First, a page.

hide Matching Documents

The documents where this entity occurs most often are shown below. Click on a document to open it.

Document Max. Freq Min. Freq
Southern Historical Society Papers, Volume 25. (ed. Reverend J. William Jones) 8 0 Browse Search
View all matching documents...

Your search returned 8 results in 2 document sections:

Southern Historical Society Papers, Volume 25. (ed. Reverend J. William Jones), chapter 1.4 (search)
ant space in front of the mansion of a Mr. Spurlock. There we parked our guns, took out the horses, and—all lay down on the ground to rest. I don't think I had slept long when I was aroused by Mr. Spurlock—think that was his name—who insisted that we should go over to his residence and take dinner. We thanked him, and insisted that we had had something to eat, but he would not take such an excuse. The truth is we were too dirty and ragged to feel at home in such a nice place. Finally Clay Ramsey consented to go with me, and we went over. The old gentleman enquired our names and introduced us to his daughters, very beautiful young ladies, who entertained us by singing and playing on the piano until dinner was announced. Then we escorted the young ladies down to the dining-room, and such a dinner we had not seen before in years. We tried to do our duty towards that dinner, and particularly to the turkey; anyhow, we ate with a relish. Captain Ferrell camped in another part of <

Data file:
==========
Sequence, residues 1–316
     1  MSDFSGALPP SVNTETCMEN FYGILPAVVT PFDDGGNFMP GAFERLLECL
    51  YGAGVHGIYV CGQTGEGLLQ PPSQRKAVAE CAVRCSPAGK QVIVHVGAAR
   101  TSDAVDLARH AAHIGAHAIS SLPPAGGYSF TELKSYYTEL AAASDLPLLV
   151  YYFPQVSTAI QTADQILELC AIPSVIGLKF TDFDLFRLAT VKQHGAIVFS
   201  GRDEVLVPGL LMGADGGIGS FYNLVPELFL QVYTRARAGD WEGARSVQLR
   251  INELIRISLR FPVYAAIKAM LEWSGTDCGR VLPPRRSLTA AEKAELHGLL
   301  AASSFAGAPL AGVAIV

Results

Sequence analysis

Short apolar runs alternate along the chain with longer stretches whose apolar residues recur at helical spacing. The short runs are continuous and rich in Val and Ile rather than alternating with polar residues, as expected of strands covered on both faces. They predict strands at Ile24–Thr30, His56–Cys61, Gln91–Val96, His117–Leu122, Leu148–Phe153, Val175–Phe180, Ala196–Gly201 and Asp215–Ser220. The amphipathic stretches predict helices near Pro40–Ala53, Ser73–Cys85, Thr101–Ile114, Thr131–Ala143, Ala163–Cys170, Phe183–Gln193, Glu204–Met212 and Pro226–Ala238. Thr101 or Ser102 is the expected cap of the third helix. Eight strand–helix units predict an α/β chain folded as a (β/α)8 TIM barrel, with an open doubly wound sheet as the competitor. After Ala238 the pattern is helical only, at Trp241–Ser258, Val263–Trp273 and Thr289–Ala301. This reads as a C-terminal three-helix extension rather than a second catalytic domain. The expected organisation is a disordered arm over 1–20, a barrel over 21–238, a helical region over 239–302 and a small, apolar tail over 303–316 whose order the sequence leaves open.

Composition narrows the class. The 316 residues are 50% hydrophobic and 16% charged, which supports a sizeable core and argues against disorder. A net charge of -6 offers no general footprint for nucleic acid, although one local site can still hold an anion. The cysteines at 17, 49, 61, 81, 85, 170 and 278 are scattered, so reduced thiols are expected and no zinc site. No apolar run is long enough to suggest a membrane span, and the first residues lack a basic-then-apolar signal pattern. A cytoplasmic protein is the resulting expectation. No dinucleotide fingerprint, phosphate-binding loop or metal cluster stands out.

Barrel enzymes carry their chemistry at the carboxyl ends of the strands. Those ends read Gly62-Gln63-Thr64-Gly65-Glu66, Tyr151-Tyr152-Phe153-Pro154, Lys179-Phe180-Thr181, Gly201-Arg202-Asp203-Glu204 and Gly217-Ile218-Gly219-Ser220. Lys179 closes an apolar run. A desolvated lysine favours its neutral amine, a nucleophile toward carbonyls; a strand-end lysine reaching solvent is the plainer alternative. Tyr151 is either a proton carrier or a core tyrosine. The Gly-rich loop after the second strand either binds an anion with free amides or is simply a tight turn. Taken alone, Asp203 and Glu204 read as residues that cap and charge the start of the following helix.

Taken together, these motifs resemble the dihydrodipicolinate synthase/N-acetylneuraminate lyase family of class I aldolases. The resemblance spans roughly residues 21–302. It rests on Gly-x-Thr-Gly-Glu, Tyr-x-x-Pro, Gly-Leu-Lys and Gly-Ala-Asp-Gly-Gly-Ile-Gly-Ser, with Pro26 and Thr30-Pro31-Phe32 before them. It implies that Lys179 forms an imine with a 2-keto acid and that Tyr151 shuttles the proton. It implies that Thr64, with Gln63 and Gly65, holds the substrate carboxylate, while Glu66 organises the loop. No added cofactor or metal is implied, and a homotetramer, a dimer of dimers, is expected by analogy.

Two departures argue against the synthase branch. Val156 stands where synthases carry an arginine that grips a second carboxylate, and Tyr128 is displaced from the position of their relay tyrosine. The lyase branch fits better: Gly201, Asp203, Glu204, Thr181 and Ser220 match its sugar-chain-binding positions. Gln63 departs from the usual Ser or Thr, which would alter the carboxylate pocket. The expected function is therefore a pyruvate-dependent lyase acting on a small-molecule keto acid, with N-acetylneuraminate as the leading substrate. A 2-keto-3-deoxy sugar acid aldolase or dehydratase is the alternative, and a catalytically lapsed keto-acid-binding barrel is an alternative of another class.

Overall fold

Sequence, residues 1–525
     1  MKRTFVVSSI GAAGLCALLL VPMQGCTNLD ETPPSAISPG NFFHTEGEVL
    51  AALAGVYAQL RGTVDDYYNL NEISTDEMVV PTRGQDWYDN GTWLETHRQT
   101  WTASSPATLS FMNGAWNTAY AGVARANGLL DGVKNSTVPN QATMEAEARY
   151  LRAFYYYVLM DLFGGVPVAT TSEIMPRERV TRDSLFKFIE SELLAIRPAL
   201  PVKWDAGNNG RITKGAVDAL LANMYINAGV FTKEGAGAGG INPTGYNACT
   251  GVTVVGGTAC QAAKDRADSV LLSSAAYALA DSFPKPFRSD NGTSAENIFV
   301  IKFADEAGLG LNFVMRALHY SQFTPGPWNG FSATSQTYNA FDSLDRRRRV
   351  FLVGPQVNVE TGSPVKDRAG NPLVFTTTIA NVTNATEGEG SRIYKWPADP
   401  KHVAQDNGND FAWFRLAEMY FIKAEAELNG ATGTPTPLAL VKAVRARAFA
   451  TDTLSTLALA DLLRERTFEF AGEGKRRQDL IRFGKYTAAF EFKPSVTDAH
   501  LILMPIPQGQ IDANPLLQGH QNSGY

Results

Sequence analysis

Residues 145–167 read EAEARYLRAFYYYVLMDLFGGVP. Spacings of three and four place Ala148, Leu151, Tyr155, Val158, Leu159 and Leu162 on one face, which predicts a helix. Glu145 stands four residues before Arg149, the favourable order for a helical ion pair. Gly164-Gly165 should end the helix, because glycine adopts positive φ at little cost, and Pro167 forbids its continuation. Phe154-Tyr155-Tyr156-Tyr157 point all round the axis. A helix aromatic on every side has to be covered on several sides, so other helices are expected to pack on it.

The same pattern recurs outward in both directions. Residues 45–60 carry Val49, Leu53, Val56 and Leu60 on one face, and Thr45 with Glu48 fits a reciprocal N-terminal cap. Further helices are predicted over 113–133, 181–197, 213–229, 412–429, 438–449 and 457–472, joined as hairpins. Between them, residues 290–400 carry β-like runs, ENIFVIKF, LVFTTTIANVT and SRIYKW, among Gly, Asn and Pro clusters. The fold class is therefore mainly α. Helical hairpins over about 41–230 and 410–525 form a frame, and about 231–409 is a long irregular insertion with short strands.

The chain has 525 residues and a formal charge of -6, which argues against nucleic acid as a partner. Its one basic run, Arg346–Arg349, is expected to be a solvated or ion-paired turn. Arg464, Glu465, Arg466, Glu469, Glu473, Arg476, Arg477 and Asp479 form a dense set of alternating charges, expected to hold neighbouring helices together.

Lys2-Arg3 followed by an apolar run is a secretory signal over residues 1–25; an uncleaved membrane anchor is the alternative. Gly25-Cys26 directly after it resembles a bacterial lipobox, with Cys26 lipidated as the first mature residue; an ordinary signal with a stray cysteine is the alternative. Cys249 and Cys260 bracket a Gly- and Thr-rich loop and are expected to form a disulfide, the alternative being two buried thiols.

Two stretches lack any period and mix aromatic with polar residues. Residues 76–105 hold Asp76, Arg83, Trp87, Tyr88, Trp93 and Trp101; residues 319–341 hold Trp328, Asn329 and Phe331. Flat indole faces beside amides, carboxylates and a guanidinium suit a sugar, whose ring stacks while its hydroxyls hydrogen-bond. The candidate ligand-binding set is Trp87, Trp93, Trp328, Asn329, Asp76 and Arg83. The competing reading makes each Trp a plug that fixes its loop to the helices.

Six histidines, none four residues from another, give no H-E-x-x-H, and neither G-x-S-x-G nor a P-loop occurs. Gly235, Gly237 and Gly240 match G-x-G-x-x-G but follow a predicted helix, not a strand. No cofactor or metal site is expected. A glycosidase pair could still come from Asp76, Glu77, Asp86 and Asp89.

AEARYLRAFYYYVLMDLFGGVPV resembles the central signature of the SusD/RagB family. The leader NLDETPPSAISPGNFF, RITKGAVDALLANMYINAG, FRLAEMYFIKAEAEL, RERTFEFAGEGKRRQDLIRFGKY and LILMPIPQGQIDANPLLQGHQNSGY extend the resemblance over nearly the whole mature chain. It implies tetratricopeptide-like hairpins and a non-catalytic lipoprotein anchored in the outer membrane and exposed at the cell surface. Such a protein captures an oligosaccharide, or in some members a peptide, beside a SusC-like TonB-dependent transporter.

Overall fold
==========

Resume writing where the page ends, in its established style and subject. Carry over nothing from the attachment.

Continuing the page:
Southern Historical Society Papers, Volume 25. (ed. Reverend J. William Jones), chapter 1.10 (search)
in the harbor, waiting with officers and munitions of war, she having arrived two days before from Liverpool. The Laurel was a blockade runner, commanded by Captain Ramsey, a young Englishman of energy and resources. Capt. Ramsey's brilliant Ruse. When the authorities at Funchal objected to our presence in the harbor, and Capt. Ramsey's brilliant Ruse. When the authorities at Funchal objected to our presence in the harbor, and seriously and persistently insisted that the Laurel should proceed at once to sea, Ramsey was ready with a broken piece of machinery, without which he insisted that his engines could not be made to move. The delicate and tedious work of repair was entrusted by the authorities to their own workmen on shore, so anxious were they toRamsey was ready with a broken piece of machinery, without which he insisted that his engines could not be made to move. The delicate and tedious work of repair was entrusted by the authorities to their own workmen on shore, so anxious were they to get rid of us. While they were still hammering away the Sea King arrived and signalled, and the Laurel steamed out to join her. Not far from Madeira, and of the same group, is the Desertas, and under the lee of that uninhabited rock both vessels anchored, and all guns, supplies, etc., were transferred from the Laurel to the Se